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Percy Bysshe Shelley - A Romantic Rebel

Percy Bysshe Shelley’s short and dramatic life stands as a symbol of the revolutionary ideas and strong emotions of the Romantic period.

Percy Bysshe Shelley. Foto.

The Romantic era was not only idyllic pastorals and longing for the simple and natural; it was also a time of revolution and protest. The “old ways” of society were challenged by a generation of angry young men and women. In pamphlets and articles they attacked the established values and institutions. The Church, Christianity, the educational system, the legal system, and not least the aristocracy and Royalty were all the targets of a harsh and defiant criticism from these radical writers.

The Rebel

Shelley seems to have been rebellious by nature. He was a highly intelligent boy and was interested in science and literature; he was particularly fascinated by the Gothic tradition which was popular at the time. But his school career was to be a line of disciplinary reproaches from day one at Sion House Academy in Sussex until he was expelled from Oxford in his freshman year for “contumaciously refusing to answer questions”. At Eton, he had picked up on radical literature and was reading the works of philosophers like Hume and Voltaire. He also developed a scepticism towards Christianity, and at Oxford he wrote and published a pamphlet called “The Necessity of Atheism,” which was a contributory factor for his expulsion from Oxford.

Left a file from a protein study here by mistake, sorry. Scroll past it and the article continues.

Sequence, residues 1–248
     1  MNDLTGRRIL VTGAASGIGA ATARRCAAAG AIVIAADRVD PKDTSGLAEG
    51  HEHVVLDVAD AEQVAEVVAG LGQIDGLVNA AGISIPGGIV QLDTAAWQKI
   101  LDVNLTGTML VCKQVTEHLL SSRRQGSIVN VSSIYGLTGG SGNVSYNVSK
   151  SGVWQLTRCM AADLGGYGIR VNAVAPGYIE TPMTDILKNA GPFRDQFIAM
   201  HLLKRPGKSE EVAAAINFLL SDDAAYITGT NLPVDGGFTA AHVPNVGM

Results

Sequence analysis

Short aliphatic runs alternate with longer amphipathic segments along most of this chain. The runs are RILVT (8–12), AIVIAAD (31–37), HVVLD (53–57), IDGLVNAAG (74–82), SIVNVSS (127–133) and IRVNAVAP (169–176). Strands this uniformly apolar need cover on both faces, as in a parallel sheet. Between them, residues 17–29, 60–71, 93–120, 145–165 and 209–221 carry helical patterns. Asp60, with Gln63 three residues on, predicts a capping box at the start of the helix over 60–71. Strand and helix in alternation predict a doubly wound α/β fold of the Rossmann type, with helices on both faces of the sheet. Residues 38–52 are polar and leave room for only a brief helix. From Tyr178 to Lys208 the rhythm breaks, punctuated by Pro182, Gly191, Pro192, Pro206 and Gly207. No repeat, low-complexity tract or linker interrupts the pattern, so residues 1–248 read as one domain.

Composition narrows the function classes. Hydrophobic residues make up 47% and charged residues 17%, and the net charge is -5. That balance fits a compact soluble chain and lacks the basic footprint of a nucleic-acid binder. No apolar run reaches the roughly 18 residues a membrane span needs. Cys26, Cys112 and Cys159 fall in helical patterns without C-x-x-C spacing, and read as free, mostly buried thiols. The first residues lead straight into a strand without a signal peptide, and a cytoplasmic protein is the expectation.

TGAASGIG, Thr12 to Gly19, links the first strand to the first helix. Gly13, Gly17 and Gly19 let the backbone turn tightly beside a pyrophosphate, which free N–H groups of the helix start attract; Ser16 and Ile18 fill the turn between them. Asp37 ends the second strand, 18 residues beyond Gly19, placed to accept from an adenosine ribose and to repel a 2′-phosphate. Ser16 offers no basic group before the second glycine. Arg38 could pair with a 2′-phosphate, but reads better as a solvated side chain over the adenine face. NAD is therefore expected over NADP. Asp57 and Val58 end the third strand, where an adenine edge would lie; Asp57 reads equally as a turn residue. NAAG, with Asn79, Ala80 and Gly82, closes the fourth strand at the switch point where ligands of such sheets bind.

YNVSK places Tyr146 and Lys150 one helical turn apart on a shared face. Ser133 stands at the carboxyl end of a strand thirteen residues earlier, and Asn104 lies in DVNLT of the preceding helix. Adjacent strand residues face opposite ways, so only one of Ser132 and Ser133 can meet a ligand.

Love and Morality

In London, Shelley met Harriet Westbrook, who probably was his inferior intellectually – but she was madly in love with him. Shelley was flattered and entered a relationship with Harriet, possibly as some sort of a fling. But as she was disgraced by her parents for being associated with an atheist and a rebel, he was provoked into marrying her. He was nineteen and she sixteen; and entering a marriage on such premises would, not surprisingly, prove to be a mistake. The young couple travelled in Scotland and in Ireland, where Shelley wrote and gave speeches to encourage the work for political reforms. He and Harriet had two children together, but their marriage was withering, and when he, in 1814, met 17-year-old Mary Wollstonecraft Goodwin, he was lost; their mutual attraction was electric. They eloped to Switzerland for the summer, and when they came back, Harriet drowned herself in Hyde Park in London. A few years previously, Shelley had published his first important poem, “The Queen Mab,” expressing his socialist criticism of society and his denunciation of Christianity. This, in combination with his somewhat infamous conduct of life was the reason why his appeal for custody of his children was turned down by the authorities; he was seen as “morally unfit,” they proclaimed in the verdict.

In Exile